Friday, July 13, 2012

Tears and Adjustment

Slowly we are adjusting to the new routine, the new life.  Some things will change again when my husband attempts to go back to work.  His life will literally be work, dialysis, work, dialysis, work, dialysis.

During the day I'm ok, life goes on as normally as possible, but at night when the house is quiet and it is just me, I cry.  I'm not sure anyone can really understand how hard it is to watch someone you love suffer and struggle with a life threatening illness, unless they have been there themselves.  I don't sleep anymore, I can't.  My mind doesn't shut off.

People believe because my husband is on dialysis that everything will be ok now.  Sadly that may not be true.  1 out of 4 people die on dialysis.  1 person dies every 2 hours waiting for a transplant.  While dialysis is a wonderful invention, it isn't a cure.  It is simply a way to prolong a kidney failure patient's life until a new kidney can be found.

I am filled with hope about our future, but that doesn't stop the tears.  It is a constant emotional up and down.  Every morning when I wake up I check on Hubby, I ask him how he is feeling, I worry about the headaches he suffers every day.  If he has a pain, I get scared it is an infection.  If he is extra tired, I worry that the dialysis isn't doing it's job.  The worries don't go away... I can forget for a while, but the thoughts and worries do return.

It's lonely.  I have no one to talk to that has been or is in my shoes.  I cry alone.  Even though there are a lot of kidney failure patients and families that take care of them, it isn't something anyone around me has really been through.  When I asked at the hospital about a support group, I was told that there aren't any.  They said that patients spend so much time dealing with their failing health that they don't want to sit around and talk about it.

My family signed up for the National Kidney Foundation walk a few years ago.  Sadly my younger daughter and I came down with a really bad chest infection, so we had to stay home.  My husband and older daughter did the walk.  Hubby doesn't take a lot of pictures.  When he arrived home he showed me what he took.  There was one of him and my daughter, one of my daughter, and one of a sign.  That is how much of an impact it had on my husband, enough to take a picture.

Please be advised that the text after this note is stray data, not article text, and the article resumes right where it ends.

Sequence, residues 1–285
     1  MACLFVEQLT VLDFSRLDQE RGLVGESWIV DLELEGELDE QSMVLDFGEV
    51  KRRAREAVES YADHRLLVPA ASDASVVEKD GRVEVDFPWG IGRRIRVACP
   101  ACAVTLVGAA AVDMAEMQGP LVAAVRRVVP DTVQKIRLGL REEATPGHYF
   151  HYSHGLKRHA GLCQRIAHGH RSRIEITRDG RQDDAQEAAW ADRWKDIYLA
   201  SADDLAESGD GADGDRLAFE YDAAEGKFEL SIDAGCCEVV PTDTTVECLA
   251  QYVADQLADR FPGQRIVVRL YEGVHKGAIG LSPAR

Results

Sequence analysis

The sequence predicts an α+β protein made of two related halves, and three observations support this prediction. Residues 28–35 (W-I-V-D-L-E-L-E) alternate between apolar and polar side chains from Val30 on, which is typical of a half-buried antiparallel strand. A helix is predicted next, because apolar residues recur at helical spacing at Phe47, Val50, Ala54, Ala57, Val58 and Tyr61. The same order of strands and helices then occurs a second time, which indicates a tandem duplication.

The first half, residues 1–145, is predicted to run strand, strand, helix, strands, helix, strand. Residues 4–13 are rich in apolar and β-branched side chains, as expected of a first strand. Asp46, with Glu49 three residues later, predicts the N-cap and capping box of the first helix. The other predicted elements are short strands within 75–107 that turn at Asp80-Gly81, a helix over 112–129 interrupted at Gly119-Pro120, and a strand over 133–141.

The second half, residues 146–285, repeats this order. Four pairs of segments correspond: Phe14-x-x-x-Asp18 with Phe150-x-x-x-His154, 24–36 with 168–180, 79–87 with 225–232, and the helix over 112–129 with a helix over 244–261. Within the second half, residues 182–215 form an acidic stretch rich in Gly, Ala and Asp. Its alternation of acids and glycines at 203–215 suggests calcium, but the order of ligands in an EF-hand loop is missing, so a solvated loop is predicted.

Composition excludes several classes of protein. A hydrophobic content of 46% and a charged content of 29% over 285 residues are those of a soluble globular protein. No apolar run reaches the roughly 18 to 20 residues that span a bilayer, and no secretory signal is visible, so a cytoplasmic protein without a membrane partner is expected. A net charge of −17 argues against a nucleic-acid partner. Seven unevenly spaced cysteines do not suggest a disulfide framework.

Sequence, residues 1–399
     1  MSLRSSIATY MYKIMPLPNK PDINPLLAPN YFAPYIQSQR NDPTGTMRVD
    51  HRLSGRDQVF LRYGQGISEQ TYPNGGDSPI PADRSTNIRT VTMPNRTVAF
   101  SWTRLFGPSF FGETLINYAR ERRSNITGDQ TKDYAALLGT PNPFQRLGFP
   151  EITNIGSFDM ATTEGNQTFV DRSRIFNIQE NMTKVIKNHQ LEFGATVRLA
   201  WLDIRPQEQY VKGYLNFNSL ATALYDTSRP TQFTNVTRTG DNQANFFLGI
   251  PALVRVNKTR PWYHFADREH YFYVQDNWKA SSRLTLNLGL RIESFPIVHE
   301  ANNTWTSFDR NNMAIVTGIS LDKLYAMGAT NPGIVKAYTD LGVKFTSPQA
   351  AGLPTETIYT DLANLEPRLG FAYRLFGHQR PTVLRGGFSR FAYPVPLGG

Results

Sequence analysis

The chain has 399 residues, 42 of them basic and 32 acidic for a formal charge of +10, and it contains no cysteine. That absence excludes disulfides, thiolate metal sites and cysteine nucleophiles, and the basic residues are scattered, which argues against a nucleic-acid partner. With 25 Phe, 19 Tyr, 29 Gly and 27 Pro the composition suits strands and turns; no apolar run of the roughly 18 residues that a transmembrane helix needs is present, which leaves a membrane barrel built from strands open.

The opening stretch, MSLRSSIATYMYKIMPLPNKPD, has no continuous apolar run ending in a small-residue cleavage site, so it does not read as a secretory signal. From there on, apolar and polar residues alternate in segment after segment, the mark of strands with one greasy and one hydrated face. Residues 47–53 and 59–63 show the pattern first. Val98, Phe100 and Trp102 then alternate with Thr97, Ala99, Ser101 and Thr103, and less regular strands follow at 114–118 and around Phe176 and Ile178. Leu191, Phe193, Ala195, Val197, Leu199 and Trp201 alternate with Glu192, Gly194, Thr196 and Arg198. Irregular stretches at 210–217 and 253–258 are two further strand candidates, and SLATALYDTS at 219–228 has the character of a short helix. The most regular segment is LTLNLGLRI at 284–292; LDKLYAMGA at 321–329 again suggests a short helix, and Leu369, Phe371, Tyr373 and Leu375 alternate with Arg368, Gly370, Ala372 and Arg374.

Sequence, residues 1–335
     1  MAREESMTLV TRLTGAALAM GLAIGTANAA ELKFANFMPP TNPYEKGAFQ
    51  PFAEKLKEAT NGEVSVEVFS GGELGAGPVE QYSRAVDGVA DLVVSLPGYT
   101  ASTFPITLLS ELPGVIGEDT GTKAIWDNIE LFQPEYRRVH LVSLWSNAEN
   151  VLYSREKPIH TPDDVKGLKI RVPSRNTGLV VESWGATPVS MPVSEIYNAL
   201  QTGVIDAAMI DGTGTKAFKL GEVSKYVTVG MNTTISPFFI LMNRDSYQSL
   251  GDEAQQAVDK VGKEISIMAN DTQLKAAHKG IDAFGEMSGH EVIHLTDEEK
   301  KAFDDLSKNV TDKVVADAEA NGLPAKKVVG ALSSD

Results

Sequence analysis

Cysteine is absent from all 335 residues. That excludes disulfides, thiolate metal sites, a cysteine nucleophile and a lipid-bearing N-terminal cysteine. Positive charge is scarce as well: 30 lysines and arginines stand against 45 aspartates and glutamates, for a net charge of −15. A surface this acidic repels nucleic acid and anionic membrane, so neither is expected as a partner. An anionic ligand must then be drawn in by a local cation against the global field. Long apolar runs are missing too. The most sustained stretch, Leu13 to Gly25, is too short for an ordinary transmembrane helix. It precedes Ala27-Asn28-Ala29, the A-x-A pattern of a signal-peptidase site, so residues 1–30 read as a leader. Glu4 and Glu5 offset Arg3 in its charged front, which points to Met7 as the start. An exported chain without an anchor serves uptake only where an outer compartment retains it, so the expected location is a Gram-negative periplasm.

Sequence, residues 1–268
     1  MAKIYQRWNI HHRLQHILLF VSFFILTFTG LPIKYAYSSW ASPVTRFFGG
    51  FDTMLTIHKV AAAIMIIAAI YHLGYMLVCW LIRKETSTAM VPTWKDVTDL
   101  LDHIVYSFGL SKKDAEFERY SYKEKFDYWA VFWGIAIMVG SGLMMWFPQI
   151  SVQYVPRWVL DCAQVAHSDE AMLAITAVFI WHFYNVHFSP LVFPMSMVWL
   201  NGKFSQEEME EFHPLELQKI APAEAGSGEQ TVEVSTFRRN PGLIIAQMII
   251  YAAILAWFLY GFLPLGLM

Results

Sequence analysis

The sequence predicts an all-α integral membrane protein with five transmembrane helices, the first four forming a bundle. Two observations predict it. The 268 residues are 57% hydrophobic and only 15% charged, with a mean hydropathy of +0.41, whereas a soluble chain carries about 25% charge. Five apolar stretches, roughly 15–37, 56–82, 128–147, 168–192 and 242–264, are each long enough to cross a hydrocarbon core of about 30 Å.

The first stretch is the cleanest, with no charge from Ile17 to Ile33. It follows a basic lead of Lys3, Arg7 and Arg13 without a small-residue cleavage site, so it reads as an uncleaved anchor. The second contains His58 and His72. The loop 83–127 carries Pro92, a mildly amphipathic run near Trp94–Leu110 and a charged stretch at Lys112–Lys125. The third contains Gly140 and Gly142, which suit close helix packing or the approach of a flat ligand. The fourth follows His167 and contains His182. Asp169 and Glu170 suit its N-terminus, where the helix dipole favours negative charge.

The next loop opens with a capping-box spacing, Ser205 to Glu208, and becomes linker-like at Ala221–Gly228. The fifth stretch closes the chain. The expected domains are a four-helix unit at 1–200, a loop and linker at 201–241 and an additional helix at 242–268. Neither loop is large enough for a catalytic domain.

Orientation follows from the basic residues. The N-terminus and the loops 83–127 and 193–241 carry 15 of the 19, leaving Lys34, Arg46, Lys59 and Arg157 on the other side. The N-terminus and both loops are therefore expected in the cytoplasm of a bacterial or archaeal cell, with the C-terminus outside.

I received an email from our local Kidney Foundation the other day and a few sentences really hit hard...

"PKD is one of the most common, genetic life-threatening diseases affecting more than 600,000 Americans and 12.5 Million people worldwide.  PKD affects more people than cystic fibrosis, muscular dystrophy, down syndrome, hemophilia, and sickle cell anemia COMBINED!  However, it is a widely unknown condition and the least funded of all of those diseases.

Polycystic is a condition where "many cysts" form on each kidney, ultimately causing renal failure.  There is no treatment and no cure, with dialysis and transplant as the only options to prolong life.  If a parent has the disease, there is a fifty percent change it will be passed on to their children.  With no cure and no known treatment, this is why we ask for your help to change that."

The part that was hardest to read is the part about children.  Knowing that this is a possibility breaks my heart.  It is hard enough to watch my husband struggle, I can't watch my children go through this.  So I pray and pray hard that God will spare our younger daughter.  Hubby adopted our older daughter, so she will be ok.

1 comment:

  1. Hi,

    I hope that you are doing better, even though I know first hand how you feel. My husband was on dialysis for four years before I was able to donate a kidney to him. We had the transplant on June 28, 2012. I'm writing to let you know that there is light at the end of the channel. Things will be better, don't lose sight.

    If you have any questions please email me to I will be happy to talk to you.